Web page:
Today people can watch Lucy and say that it’s derivative of something. That it’s Monty Python or something they saw on SNL, Tina Fey or Carol Burnett. But no… they were all doing Lucy. They were all imitating Lucille Ball; One of the funniest people to ever walk on the surface of the planet. I kid you not. And she was drop dead gorgeous as well.
2 Broke Girls (CBS)
72 episodes and counting
I like the show because it feels like something out of the “live studio audience” era. All of the jokes are for the back row or for the balcony with a strong music hit for emphasis. The cast is funny and the jokes are very jokey but still funny and except for the subject matter, it all feels like something from a bygone era.
I’m still a big fan of 2 Broke Girls but mostly because the two leads are so good, so funny and both really really hot. Bring back Mary Lynn Rajskub already. She was great.
Don’t Trust the B in Apt 23 (ABC)
Created by Nahnatchka Khan
I completely understand why the suits were afraid of this one. It was raunchy and it was weird. It was funny and it was sexy. It was too good for Disney. The cast was superb. Krysten Ritter (no relation) became one of my favorite people. And it also showed us a whole other side of James Van Der Beek (the man is very funny).
James hinted at a possible movie project for the characters on his twitter feed under a pic of him and Krysten but he was probably teasing. Shut up and take my money, James.
Shut up and take my money.
And finally the wild and the wacky…
The Half Hour of Pure Insanity
And lastly there is my favorite network sitcom format; the half hour of pure insanity. This is the one that never lasts. The one that upsets the suits the most and makes the letter writing housewives write letters. A show that confuses the old people. Where the rules of society barely matter and it’s basically a free for all with science fiction and fantasy elements and basic zaniness. It can involve families or friends or work colleagues but there’s always a little something extra. And very few of them survive the first cut.
The best of these, in my opinion, was the fantastic
3rd Rock from the Sun (NBC)
Created by Bonnie Turner and Terry Turner
This was not the family sitcom or the friends sitcom or work. It was all of them at once. They were a group of aliens pretending to be a family of humans. They weren’t a family of aliens. They were just work colleagues. And their job was to observe earth culture before a possible invasion from their home planet. This was a brilliant comedy with a stellar cast.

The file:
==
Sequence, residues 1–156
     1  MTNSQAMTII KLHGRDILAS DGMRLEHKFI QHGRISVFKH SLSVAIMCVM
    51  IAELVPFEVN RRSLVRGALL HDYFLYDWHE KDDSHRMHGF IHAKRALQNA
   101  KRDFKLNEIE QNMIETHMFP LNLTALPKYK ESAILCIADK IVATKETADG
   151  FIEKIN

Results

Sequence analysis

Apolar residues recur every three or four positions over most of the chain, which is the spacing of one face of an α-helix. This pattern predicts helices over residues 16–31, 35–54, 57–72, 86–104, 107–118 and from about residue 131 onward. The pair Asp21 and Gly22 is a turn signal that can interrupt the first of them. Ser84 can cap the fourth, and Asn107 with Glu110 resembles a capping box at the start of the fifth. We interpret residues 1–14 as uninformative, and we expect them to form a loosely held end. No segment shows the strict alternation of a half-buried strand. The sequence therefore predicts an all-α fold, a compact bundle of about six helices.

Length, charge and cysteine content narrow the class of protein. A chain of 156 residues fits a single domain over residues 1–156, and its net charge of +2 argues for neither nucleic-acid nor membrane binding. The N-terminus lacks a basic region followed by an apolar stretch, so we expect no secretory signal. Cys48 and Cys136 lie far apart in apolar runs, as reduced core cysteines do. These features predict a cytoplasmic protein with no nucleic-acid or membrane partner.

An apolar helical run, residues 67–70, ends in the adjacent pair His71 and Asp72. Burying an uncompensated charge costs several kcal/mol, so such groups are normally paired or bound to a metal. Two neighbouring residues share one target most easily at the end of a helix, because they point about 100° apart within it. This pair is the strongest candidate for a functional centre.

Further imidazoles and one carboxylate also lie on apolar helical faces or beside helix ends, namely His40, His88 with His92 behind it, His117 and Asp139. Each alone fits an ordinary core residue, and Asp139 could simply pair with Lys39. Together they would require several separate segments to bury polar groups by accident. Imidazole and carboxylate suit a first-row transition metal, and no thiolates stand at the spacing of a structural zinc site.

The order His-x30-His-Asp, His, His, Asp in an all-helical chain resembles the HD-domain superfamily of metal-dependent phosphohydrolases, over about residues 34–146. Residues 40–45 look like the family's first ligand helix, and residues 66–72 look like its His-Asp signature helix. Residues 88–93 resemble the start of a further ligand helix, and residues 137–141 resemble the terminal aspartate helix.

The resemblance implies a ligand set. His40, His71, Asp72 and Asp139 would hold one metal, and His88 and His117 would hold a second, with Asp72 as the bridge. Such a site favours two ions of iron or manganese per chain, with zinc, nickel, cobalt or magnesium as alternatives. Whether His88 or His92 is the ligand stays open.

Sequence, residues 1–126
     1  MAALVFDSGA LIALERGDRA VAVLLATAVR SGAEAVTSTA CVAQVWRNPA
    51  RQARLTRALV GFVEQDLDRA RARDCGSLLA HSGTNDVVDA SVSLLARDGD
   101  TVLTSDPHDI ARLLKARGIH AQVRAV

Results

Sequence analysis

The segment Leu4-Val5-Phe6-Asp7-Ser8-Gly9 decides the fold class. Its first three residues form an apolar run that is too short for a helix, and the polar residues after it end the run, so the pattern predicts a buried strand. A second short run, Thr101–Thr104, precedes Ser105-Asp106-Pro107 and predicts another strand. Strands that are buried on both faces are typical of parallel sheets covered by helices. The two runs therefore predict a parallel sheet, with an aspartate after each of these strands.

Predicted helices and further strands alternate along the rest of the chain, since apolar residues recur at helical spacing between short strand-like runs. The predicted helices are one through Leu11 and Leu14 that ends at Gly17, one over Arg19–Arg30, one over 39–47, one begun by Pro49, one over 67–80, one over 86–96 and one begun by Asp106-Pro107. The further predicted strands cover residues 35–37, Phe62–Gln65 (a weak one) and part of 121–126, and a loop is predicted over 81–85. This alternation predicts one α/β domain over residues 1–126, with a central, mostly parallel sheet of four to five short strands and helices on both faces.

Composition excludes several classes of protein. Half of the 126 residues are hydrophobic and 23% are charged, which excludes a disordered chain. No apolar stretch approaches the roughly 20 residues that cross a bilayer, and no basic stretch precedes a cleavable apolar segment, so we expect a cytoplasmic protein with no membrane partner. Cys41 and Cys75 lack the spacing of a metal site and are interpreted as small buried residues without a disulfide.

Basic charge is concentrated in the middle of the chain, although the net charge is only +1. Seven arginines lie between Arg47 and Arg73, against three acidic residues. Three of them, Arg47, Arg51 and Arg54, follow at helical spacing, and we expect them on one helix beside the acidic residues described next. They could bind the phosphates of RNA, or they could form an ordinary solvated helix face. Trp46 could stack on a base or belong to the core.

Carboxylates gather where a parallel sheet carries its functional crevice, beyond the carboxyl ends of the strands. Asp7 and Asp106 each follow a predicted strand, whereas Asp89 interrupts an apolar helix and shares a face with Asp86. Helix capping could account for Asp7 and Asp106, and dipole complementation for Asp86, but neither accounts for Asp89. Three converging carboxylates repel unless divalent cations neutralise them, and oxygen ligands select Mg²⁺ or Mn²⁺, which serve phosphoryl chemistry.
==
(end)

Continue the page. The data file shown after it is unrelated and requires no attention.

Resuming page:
John Lithgow, Kristen Johnston, French Stewart and a young Joseph Gordon-Levitt along with the great Jane Curtain and the hilarious Wayne Knight made 3rd Rock from the Sun a fun show to watch. One of my favorite shows of all time.
Created by Dan Harmon
Community was the best sitcom on TV for a few years. Definitely the most creative. They wouldn’t just reference pop culture and nerd culture or movies and TV shows, they would become them. The idea that all the characters were actually just hallucinating patients with mental disorders or that they were on a TV show inside one of the character’s heads made it fun. The writing and the direction on this show was second to none.
They did two amazing Dungeons and Dragons episodes and a few where they became cartoons or claymation. The show often changed the reality of their surroundings into these wonderful themes. The greatness of community was in the themed episodes.
From the amazing paintball episodes to the alternate timelines created by a roll of the dice (so many Doctor Who references), there was a lot to love about community. And that was why I loved this last season so much. Every episode had its own theme. From the savage wasteland of Lava World to the five tiered society brought on by social media run wild to the reading of Pierce’s will (what a great episode). This final season of Community was Community’s best season.
Community was the most creative and entertaining and thought-provokingly geeky sitcom on television. And then they cancelled it… the bastards.
And lastly the extremely short-lived and hysterically funny nine whole episodes of…
The Tick (FOX)
Created by Ben Edlund
The Tick was like something out of a fever dream… and it was awesome. Ben Edlund is a genius. The live-action show was based on the cartoon version that ran from 1994-96 (one of the funniest cartoons ever. If you ask me… and you just did) The Tick, the live-action show lasted a mere nine episodes on FOX. (Say it with me people… the bastards)
It has been described as an absurdist take on the superhero genre but it was much more than that. It was like a comic version of Watchmen. A bunch of guys playing superhero but only one of them has super powers… the indestructible Tick. It was blisteringly funny.
The Tick is brilliant and it’s funny and it is absurd and it should have been given time to breathe. I think it would have been amazing to see where they went. We haven’t had a good silly superhero adult comedy since the 1960’s Batman (with Adam West). It was time for a new one. But of course they cancelled it. (one more time) …the bastards.
And that’s ten… well actually that’s fifteen. Five classics, five recent shows and five that were gone too soon. So there. I’ve done the sitcom format more justice than it deserves.
Currently I’m enjoying New Girl, Brooklyn Nine-Nine and Parks and Recreation but who knows when the suits will get around to cancelling those… the bastards.
Next up… Talk Shows
See you guys on the couch,